Over 100 physicians and 40 instructors from around the world gathered in Madison on October 21-24, 2015, for the 20th annual Prolotherapy Research Symposium and Conference, an in-depth clinical education and research event held on the University of Wisconsin-Madison campus.


The 20th annual Prolotherapy Research Symposium and Conference was held in Madison, WI on October 21-24, 2015.

In prolotherapy and other forms of injection therapy, a physician inserts a needle containing an irritant or regenerative solution, such as dextrose, into a joint space, or at a ligament or tendon attachment, to treat the affected tissue—and ultimately relieve joint and myofascial pain.

Prolotherapy is most frequently used to treat knee osteoarthritis, low back pain, tendinopathies, and myofascial pain, a chronic condition that affects the fascia, the connective tissue covering the muscles.

New Research in Injection Therapy

The two-part conference began with the one-day Prolotherapy Research Symposium, in which presenters reviewed recently published and ongoing clinical research studies on prolotherapy and related regenerative injection therapies.

Studies have shown that prolotherapy can be highly effective, especially for osteoarthritis and tennis elbow, but clinicians need specialized education to administer it correctly.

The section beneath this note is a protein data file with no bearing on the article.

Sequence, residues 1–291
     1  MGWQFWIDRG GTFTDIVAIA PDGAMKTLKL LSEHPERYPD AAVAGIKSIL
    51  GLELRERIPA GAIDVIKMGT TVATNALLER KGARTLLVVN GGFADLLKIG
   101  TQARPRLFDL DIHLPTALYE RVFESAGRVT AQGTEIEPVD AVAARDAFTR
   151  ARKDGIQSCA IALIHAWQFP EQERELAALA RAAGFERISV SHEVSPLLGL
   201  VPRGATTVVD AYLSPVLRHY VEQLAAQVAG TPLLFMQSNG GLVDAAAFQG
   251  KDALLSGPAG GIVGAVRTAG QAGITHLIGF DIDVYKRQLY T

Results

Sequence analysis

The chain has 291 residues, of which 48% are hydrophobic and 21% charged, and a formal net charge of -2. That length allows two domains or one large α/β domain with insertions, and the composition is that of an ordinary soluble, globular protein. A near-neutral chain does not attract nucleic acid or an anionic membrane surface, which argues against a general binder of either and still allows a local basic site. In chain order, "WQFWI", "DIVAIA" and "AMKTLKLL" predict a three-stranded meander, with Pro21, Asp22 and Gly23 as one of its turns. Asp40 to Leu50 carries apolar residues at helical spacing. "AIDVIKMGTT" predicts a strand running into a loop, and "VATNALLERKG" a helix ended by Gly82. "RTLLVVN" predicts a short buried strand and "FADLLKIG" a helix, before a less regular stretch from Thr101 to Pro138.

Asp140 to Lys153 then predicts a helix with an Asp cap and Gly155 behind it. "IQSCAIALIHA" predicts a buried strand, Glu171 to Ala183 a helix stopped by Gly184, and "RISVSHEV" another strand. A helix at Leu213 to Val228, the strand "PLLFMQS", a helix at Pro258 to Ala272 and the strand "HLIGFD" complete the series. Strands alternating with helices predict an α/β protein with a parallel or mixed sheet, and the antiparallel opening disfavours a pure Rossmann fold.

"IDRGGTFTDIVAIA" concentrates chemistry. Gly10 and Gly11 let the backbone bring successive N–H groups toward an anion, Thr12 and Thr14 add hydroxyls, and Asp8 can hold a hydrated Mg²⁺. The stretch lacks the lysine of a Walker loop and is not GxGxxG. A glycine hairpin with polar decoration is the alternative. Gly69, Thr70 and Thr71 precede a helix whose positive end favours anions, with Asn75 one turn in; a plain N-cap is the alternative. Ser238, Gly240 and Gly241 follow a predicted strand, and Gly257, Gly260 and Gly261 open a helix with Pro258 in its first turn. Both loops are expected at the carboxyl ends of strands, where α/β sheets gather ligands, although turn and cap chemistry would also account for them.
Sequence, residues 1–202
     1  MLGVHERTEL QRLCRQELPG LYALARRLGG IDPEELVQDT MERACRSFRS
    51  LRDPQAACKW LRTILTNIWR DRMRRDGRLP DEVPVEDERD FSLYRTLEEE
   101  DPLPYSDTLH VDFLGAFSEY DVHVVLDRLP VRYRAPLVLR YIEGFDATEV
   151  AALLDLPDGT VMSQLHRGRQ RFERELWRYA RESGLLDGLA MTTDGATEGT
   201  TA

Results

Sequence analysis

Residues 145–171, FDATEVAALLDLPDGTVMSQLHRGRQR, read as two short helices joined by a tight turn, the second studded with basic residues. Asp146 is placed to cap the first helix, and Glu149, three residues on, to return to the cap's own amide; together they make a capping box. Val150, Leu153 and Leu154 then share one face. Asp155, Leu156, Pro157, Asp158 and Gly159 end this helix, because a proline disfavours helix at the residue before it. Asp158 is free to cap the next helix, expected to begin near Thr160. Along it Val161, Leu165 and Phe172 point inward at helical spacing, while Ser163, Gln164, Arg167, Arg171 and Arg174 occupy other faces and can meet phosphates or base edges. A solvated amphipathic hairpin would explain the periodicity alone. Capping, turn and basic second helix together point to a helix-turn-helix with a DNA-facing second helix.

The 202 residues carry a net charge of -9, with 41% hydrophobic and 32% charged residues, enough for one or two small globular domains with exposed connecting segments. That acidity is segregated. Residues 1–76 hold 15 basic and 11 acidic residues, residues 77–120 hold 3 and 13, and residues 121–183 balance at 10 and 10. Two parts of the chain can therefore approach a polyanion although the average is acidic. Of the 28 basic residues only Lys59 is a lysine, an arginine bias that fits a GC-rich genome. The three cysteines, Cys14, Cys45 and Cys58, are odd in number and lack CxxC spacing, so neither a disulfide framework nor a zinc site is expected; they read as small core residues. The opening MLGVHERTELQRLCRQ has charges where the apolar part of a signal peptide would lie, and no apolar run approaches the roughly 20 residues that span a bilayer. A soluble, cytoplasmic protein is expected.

Proper Technique Taught by Expert Faculty

In the second part of the conference, The Anatomy, Diagnosis, and Treatment of Chronic Myofascial Pain with Prolotherapy, attendees received hands-on basic and advanced training in anatomy and proper injection techniques by expert practitioners.

Among them were the UW Department of Family Medicine and Community Health’s (DFMCH) Bobby Nourani, DO; David Rabago, MD; Deborah Raehl, DO; and Michael Weber, MD.

“This clinical conference provides necessary didactic presentation of core anatomical injection techniques along with hands-on education delivered by clinicians with years of expertise,” explained Dr Rabago.

“We use state-of-the-art instructional methods, including real-time imaging, and live and cadaveric models to ensure proper marking and injection technique,” he continued. “The broad range of teaching strategies used in this conference is unique in the prolotherapy community.”

“Thanks again for a great prolotherapy conference. This is probably the best conference I attend…in terms of the faculty and the attendees and how well it is organized.”

—Feedback from conference attendee

Thanks to Our Supporters

The annual conference would not be possible without the support of Mary Doherty, Hackett Hemwall Patterson Foundation president and conference coordinator, who planned the event along with Dr. Rabago. Doherty is a former UW Health Verona Clinic employee and the partner of the late Jeffrey Patterson, DO, who was an international expert in prolotherapy.

Institutional support was provided by the University of Wisconsin School of Medicine and Public Health and its Office of Continuing Professional Development in Medicine and Public Health; and the UW Department of Family Medicine and Community Health.

Special thanks also goes to:

Published: January 2016